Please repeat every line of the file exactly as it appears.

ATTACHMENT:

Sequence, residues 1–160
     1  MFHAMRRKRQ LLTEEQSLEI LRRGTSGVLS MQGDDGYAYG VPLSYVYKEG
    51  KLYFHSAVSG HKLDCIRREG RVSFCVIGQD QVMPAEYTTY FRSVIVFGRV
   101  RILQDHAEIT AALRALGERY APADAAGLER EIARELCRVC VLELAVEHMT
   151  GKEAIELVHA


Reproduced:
Sequence, residues 1–160
     1  MFHAMRRKRQ LLTEEQSLEI LRRGTSGVLS MQGDDGYAYG VPLSYVYKEG
    51  KLYFHSAVSG HKLDCIRREG RVSFCVIGQD QVMPAEYTTY FRSVIVFGRV
   101  RILQDHAEIT AALRALGERY APADAAGLER EIARELCRVC VLELAVEHMT
   151  GKEAIELVHA